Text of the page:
On application for a writ of mandamus.
For the relator, Julian C. Harrison.
For the respondents, Thomas L. Zimmerman, Jr.
Before Justices Case, Donges and Porter.
The opinion of the court was delivered by
PORTER, J. The relator has a rule to show cause why a peremptory or alternative writ of mandamus should not issue directing the village of Ridgewood and the superintendent of buildings of the village of Ridgewood to issue a permit to her for the erection of certain proposed buildings on her land in the said village. It was later stipulated that the rule to show cause is to be considered as though an alternative writ had been granted and that the matter proceed on that basis.
From the testimony it appears that the type of buildings which the relator seeks permission to build is a group of four buildings, each two stories in height, subdivided by fireproof walls, each with a common heating and hot water plant, consisting in all of one hundred and fifty-eight rooms made up of fifty-two apartments of two, three and five rooms each. The buildings are planned so that there is a central lawn and garden space called an "interior court" and driveways. It is the purpose to rent these properties and they are used precisely as apartment houses of the unit-type, the owner supplying certain services and utilities to each tenant. It is called a "Rental Housing Development" or duplex apartments. It is also referred to as "Garden-Type Apartments."
The pertinent question presented is whether the use of this property by the erection of such type buildings was prohibited by the zoning ordinance in effect when the application for the permit was made. It seems to us that it was not.
The property in question is located on the northeasterly corner of Heights road and Ridgewood avenue.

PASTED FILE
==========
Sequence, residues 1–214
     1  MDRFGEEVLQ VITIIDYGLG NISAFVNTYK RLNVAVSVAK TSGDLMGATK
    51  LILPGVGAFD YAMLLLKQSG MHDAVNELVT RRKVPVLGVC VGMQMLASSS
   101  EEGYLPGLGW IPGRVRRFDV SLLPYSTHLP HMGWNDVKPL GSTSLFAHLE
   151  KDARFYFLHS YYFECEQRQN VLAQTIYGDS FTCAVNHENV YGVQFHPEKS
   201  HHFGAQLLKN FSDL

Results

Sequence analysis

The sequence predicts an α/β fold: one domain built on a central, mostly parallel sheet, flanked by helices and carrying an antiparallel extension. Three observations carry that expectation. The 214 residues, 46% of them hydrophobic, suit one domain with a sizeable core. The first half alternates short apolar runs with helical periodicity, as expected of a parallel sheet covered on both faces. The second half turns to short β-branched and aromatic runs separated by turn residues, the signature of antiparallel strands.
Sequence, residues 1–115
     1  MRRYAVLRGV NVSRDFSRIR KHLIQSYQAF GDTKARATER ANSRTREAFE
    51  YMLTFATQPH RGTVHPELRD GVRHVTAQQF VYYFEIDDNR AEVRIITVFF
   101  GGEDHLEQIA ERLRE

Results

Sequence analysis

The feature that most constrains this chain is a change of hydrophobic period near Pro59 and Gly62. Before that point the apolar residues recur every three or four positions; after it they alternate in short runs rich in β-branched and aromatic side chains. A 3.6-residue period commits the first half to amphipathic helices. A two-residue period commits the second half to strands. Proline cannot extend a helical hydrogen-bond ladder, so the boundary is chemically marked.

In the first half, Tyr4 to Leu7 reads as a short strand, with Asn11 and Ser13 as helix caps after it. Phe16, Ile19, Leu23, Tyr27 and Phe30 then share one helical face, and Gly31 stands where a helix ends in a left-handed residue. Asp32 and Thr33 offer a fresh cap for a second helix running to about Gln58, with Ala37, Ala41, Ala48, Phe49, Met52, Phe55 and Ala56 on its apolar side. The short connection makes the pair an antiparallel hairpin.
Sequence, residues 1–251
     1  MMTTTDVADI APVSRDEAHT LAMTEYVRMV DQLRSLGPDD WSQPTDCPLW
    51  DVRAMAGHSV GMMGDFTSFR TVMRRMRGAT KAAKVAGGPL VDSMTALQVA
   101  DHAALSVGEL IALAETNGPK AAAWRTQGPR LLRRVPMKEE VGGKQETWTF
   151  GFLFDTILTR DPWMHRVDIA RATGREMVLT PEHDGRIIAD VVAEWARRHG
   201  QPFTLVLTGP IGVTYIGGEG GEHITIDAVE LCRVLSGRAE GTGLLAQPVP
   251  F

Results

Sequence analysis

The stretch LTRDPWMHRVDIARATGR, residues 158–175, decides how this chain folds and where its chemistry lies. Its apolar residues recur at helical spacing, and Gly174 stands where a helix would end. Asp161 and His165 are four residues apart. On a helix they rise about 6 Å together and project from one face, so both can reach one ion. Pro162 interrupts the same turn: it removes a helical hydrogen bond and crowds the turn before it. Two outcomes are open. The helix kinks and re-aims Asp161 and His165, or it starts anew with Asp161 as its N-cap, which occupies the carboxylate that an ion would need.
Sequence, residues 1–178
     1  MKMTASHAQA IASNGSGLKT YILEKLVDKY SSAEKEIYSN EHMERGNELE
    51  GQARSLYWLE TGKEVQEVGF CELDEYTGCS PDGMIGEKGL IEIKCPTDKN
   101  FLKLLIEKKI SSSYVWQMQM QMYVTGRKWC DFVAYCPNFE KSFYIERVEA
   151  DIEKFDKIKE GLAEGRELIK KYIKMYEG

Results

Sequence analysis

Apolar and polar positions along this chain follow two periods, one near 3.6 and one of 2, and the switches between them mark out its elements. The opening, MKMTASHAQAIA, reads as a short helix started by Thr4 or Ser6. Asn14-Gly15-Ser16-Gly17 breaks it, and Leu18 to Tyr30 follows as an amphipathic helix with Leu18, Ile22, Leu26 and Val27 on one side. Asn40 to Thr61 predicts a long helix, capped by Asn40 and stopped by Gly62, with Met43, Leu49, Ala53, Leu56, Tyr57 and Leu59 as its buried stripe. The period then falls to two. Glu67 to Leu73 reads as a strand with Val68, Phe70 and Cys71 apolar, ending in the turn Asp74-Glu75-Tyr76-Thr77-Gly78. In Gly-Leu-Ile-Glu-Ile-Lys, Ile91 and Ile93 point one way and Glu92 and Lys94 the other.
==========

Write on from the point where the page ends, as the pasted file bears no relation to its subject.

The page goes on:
The testimony is that the highest use to which this land could be used is for apartment dwellings. It is not marketable for either single or two-family dwellings, nor for business establishments. There are a few business places in the immediate vicinity, but no more are needed nor likely to be in the near future.
A body known as the "Planning and Park Commission of Ridgewood" after a comprehensive study of the needs of the village with technically trained advisors made a report to the authorities which was published on May 1st, 1930. It made recommendations for zoning the village and in its report said: "The new zoning scheme is based on the well-founded theory that in Ridgewood there should be places for everything the village needs or desires, but that everything should be kept in its proper place. It is also based on the most modern practices and the latest laws and court decisions. It will assure the provision of ample light and air in every building; plenty of open spaces on lots; reasonable height limits and no uses of private property which will be detrimental to the village."
After public hearings were had a zoning ordinance was adopted on April 14th, 1931. The said property of the relator was zoned as recommended by the commission for "local business and apartment uses."
It appears that when it became known that the relator proposed building, petitions of protest were filed with the city commissioners and on the evening of the meeting of the commission when the application for the permit was formally denied a hastily drawn ordinance amending the zone in which this property is located, by prohibiting the erection of apartment houses therein, was introduced, given a first reading and at a later date adopted.
Clearly this was an eleventh-hour attempt to prevent this relator from using her property for its highest use and for which it had been zoned for seven years, during which time its assessed value had been substantially increased because it was so zoned. Such action was ill-advised, capricious and unreasonable. It was doubtless precipitated because of public excitement and clamor. Some ...